Ladyfingers: Dancing Through Life

The intricate dance of human relationships comes in many forms. The tango involves complex footwork while in a close embrace, requiring mutual vulnerability and trust. The tango can also be suffocating; within the confines of the connection there is a risk of being unable to maintain individuality and freedom.

Ballet emphasizes grace and elegance, especially with communication and particularly when under pressure. However, that emphasis on elegance and grace can sometimes reflect a priority of outward gestures and appearances over genuine emotional connections.

The playfulness and cooperation of swing dancing proves the ability to adapt to the other’s rhythm to create a great dynamic. Conversely, that same ol’ swing can signify a codependency dynamic where destructive behaviors are enabled and healthy growth is hindered.

I’m still trying to figure out how to relate twerking to interpersonal relationships but from experience it can either be a really fun time or you look like a fucking idiot.

Suffice it to say, the dance floor of our life is ever changing. Sometimes you find yourself drenched in sweat and bliss after cutting a rug for six hours straight, other times you need to sit out on some songs. Then, of course, there are those moments you want to just get the fuck out of the club as soon as possible, feeling perfectly content with the idea of melting into your couch and watching reruns of “Law & Order: SVU” until you die. This can become a vicious cycle, or after a few loops and bouts of dizziness, you find the exit and learn how to avoid that ferocious wreath from that moment forward. In layman’s terms: you do some growing.

During said flourishing, we often find ourselves confronted with challenges that test the ol’ emotional resilience. As someone who has traversed the labyrinth of interpersonal conflicts, I have encountered a multitude of approaches: the good ones, the terrible ones, the oh-so-powerful ones, the approaches that look good on paper but are an entirely different ball game when it comes to action. All the above are powerful tools in their own ways, yet they can lead down vastly different paths.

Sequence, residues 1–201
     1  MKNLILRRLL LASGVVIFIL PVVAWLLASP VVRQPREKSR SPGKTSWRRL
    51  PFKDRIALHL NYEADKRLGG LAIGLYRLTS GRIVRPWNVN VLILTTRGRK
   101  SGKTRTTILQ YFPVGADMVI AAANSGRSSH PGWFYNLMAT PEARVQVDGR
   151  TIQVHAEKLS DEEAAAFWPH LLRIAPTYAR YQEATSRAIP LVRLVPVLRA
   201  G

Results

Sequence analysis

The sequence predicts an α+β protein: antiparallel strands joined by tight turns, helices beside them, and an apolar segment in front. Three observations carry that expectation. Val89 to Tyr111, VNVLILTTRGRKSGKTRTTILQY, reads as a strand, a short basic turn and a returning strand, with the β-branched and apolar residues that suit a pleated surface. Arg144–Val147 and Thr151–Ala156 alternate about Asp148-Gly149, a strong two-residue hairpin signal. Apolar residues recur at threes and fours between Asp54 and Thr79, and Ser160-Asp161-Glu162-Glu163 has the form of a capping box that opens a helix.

One practice that I’ve recently learned of is “gray rocking” — a term coined from the behavior of blending into the background like a, you guessed it, gray rock. It involves intentionally becoming uninterested or emotionally unresponsive to diffuse tense situations. It’s a tactic often employed when dealing with toxic or manipulative individuals, and while it seems like the cousin to disassociation, it also becomes a shield when navigating through a minefield of another’s bullshit. The minefield that once had the potential to leave you drained and mentally depleted can now possibly be crossed with little scathing because you’ve allowed the toxicity to flow around you like a rock in a river.

On the other end of the spectrum lies forgiveness, a profoundly transformative act that requires courage, vulnerability and willingness to let go of resentment. Traditionally perceived as the “higher road,” despite the immense toll it can take on someone who is already so deeply wounded. We’ve been taught our entire lives to offer forgiveness, even when you are not asked for it because it makes you “the better person.” But maybe, just maybe, a transformative power can still be felt when you decide that enough is enough, and they can go fuck themselves. Who’s to say that your inner peace cannot be nurtured still because you reclaim your agency by severing the ties? Perhaps the act of disarming oneself is not a conventional, yet temporary, refuge but a legitimate path towards healing. There is no ill-intention or resentment behind it, just a solid boundary made of beautiful gray stones.

Forgiveness is a terrain fraught with obstacles, especially when the wounds run deep. Gray-rocking is a new terrain that can be traveled poorly, but also can be the most liberating hike of your life. There is no one-size-fits-all solution. Ultimately, whether we choose to embrace the practice of gray rocking or embark on the journey of forgiveness, it’s not about which path we choose. Rather the courage to walk it with integrity and grace. Life’s dance floor is always open, and while sometimes slippery, you gotta put on those fucking boogie shoes and shake what your mama gave ya. Even if no one is watching (but if they are, the good ones are worth the twerk, I promise).

Sabrina Ambra is a co-host of Real Radio 104.1’s “News Junkie” program and stand-up comedian.

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